CHIPRA Mandated Evaluation of Express Lane Eligibility: First Year Findings. 5. New Jersey


Since May 2009, the New Jersey Department of Human Services (DHS), which administers Medicaid and CHIP, has partnered with the Division of Taxation to implement ELE. The state income tax form includes a box that families can check to indicate whether dependents under age 19 have health insurance. The Division of Taxation provides tax return data to DHS for families who indicate uninsured dependents, and DHS then matches the information with Medicaid and CHIP records to create a targeted mailing list for outreach. DHS sends targeted families an abbreviated public health insurance application form that does not require parents’ income or employment status information. If the form is returned, information obtained from the tax return, including income, social security number, and address, is used to process the ELE application. Importantly, when adjusted gross income from the state tax form is being used to determine eligibility, parents are not required to provide documentation of income or report income a second time when filing the Medicaid application. As of December 2011, about 5,300 enrollments have been processed via ELE.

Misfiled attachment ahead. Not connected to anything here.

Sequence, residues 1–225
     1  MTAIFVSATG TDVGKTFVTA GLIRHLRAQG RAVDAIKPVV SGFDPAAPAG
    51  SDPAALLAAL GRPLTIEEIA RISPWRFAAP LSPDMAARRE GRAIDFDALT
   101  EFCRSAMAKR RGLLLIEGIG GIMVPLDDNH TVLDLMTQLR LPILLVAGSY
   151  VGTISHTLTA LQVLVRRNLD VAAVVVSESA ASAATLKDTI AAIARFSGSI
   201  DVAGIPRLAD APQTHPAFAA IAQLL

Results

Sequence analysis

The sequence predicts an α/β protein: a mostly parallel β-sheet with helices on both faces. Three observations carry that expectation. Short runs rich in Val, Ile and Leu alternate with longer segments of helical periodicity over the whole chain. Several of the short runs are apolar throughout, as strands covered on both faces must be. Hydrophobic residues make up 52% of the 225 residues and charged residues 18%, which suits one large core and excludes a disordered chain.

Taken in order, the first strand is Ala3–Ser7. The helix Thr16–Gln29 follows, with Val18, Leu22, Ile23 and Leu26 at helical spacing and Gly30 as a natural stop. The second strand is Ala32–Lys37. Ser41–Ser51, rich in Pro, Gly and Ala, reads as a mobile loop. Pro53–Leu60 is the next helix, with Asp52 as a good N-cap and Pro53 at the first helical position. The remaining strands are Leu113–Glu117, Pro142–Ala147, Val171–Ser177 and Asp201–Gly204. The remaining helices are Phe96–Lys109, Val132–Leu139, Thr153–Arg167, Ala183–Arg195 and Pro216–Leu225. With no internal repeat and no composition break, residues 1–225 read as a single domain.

New Jersey also launched a statewide ELE process with NSLP in October 2011. Under this process, schools provide the third-party Medicaid and CHIP administrator with a list of uninsured children, with an indicator for those children who receive free or reduced-price school lunches. Families of children with such an indicator are sent ELE application packets. Because this partnership began relatively recently, we have not evaluated it this year; however, findings on the NSLP ELE program will be included in the final Report to Congress.

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